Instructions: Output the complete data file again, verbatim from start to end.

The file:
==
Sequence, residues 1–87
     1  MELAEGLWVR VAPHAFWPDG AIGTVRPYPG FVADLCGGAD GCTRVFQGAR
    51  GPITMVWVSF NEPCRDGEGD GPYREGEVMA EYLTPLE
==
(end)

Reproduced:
Sequence, residues 1–87
     1  MELAEGLWVR VAPHAFWPDG AIGTVRPYPG FVADLCGGAD GCTRVFQGAR
    51  GPITMVWVSF NEPCRDGEGD GPYREGEVMA EYLTPLE